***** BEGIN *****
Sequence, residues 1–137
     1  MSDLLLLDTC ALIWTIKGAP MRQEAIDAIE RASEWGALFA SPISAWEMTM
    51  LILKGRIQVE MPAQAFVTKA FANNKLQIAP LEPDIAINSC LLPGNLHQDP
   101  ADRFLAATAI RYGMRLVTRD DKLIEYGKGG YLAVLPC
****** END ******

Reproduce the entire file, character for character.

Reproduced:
Sequence, residues 1–137
     1  MSDLLLLDTC ALIWTIKGAP MRQEAIDAIE RASEWGALFA SPISAWEMTM
    51  LILKGRIQVE MPAQAFVTKA FANNKLQIAP LEPDIAINSC LLPGNLHQDP
   101  ADRFLAATAI RYGMRLVTRD DKLIEYGKGG YLAVLPC